A largely unknown tool to discipline irresponsible MNCs

February 19, 2011

By Rijit Sengupta

Few are aware that developing countries adversely affected by conduct of Multinational Corporations (MNCs) can voice their concern and seek redress through a multilateral process. The Organisation for Economic Cooperation and Development (OECD) adopted Guidelines for Multinational Enterprises in 2000, which empowers any country afflicted (socially, environmentally or economically) by actions of MNCs to demand actions against such ‘irresponsible’ conduct.

42 governments, including all 33 members of the OECD (and 9 non-OECD countries) have agreed to observing these Guidelines for firms originating in or operating from their territories. Signatories have established National Contact Points or NCPs mostly within the Investment or Economy Departments in their Governments, to take cognisance of such corporate misconduct and issue statements in response. All countries (governments and civil society) that have been affected by adverse impacts of multi-national enterprises are encouraged to NCPs (based in the home country of those multi-national enterprises) of such misconduct, so that appropriate actions can follow.

In a recent case, on 25th January 2011, Amnesty International and Friends of the Earth filed a report alleging that Royal Dutch Shell Co. has been resorting to misleading propaganda to hide its inability to curb frequently occurring oil spills in the Niger delta. Shell has been exploring oil in this region (in Nigeria) for over five decades now. Its exploratory actions are reported to have had negative impacts on the environment and lives of the communities living in the proximity. Amnesty International and Friends of the Earth have asserted that Shell has violated certain principles of the Guidelines and actions should be taken (by the Dutch NCP) against the company.

The OECD Guidelines on MNEs recommend that companies abide by nine specific principles of responsible business conduct, by: respecting national development policies; through proper disclosure; contributing to employment and industrial relations; protecting the environment; curbing bribery; promoting consumer interests; fostering science and technology transfer; complying with national competition law; and by paying taxes. If firms are found having flouted these principles, civil society and governments can file complaints to the relevant National Contact Point (NCP) to initiate a process of investigation by that NCP.

The report filed by Amnesty International points to the fact that Shell has been found wanting on three principles – disclosure, consumer interests and environment. It remains to be seen how and what actions are ‘shelled out’ by the Dutch NCP. This report has been filed to the NCP established by the Dutch government, given that Shell is based in The Netherlands. The NGOs would be pushing to ensure that Shell ‘pays’ for the damages, if they are found guilty.

It should be mentioned here that since its adoption, 170 odd cases have been filed to NCPs of a number of signatories. In response, NCPs have issued statements after validating the activities of the companies in question. Although the Guidelines are soft laws and does not empower the National Contact Points to penalise firms that flout these guidelines, but it does have the potential of damaging the public image and goodwill of such a firm. So, firms do run the risk of having their images tarnished, in case the NCP investigation finds them on the wrong end of these Guidelines.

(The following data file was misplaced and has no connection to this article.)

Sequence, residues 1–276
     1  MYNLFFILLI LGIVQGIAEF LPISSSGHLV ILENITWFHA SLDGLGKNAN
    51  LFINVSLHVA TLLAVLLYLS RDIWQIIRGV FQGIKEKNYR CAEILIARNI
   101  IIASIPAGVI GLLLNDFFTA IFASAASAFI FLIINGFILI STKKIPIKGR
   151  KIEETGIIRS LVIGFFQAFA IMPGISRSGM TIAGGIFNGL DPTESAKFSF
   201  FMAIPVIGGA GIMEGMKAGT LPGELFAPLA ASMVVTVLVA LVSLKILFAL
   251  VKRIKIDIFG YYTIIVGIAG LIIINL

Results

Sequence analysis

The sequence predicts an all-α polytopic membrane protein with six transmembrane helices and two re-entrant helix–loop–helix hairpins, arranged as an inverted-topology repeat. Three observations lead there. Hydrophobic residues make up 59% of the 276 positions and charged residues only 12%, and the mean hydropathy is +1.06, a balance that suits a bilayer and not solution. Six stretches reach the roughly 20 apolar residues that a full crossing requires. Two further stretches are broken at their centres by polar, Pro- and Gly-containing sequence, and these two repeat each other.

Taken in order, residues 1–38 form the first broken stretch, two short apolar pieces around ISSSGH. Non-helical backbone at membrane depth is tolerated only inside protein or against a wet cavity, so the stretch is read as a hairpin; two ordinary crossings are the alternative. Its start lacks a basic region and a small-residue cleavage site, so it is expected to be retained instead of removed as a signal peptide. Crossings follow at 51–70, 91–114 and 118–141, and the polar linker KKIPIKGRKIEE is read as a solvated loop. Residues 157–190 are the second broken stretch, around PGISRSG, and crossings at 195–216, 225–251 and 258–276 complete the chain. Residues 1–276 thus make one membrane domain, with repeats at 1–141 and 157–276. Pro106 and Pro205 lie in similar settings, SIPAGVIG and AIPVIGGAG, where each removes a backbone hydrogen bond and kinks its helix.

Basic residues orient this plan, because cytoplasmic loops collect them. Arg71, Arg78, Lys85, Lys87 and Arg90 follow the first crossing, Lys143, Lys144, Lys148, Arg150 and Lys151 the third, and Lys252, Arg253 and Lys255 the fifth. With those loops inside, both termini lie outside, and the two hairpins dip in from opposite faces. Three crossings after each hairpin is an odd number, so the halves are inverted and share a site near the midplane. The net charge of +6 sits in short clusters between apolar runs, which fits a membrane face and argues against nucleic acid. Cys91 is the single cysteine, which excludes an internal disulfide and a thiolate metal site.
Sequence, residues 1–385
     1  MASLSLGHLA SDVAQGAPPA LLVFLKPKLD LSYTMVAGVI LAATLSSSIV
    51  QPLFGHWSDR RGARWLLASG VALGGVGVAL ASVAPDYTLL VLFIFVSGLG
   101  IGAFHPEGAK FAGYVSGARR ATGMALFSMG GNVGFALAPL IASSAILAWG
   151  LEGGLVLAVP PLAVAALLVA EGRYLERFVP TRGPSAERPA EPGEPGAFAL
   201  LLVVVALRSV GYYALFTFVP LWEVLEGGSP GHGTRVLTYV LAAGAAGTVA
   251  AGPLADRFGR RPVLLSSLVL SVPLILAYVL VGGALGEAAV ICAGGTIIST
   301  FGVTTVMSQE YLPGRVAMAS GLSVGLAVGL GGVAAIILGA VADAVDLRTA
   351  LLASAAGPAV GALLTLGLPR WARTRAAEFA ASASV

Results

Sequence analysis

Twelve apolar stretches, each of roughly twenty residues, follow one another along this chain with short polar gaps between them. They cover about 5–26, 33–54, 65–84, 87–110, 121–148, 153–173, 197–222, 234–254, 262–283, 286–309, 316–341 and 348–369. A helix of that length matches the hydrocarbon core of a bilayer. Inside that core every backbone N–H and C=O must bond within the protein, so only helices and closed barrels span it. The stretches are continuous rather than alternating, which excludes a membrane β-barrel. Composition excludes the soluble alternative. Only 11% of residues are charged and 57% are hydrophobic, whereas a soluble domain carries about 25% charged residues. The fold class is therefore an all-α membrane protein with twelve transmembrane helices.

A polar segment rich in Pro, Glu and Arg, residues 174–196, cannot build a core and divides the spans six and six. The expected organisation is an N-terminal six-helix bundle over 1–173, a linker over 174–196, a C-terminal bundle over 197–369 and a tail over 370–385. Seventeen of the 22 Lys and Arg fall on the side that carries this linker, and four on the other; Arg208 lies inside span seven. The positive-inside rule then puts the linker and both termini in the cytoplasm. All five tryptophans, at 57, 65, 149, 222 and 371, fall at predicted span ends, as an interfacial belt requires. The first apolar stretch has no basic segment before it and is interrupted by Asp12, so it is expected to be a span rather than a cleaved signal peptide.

In the present era of globalisation, it is therefore essential that developing and least developed country governments and especially the civil society is oriented about the existence of these Guidelines. This is especially true given that a large number of extractive industries are based in resource-rich developing and least developed nations. Many poor country governments and their agencies struggle to find ways to take actions against MNCs, even after having quelled political undercurrents, which often prevent such actions from being taken. Apart from damages caused to the environment and society (communities), the Guidelines also cover actions that have adverse impacts on the economy, markets and consumers. These impacts are often not easily perceived and tend to be overlooked.

One of the unique features of the Guidelines is the fact that in addition to governments, civil society and or other parties can file reports against alleged irresponsible conduct of MNCs. Awareness about the existence of the OECD Guidelines and its provisions dealing with social, economic and environmental aspects can prove to be extremely useful in curbing corporate misconduct in developing and least developed countries. Civil societies in these countries (and indeed in other parts of world working in them) need to train themselves and orient others about these Guidelines and report their violations to relevant NCPs.

Sensitisation on and effective use of, these Guidelines and other such instruments can prove to be extremely useful in protecting the environment, the economy and citizen consumers from ill effects of irresponsible MNCs. It is time that more and more people know about them and their usage.

Rijit Sengupta Associate Director, CUTS International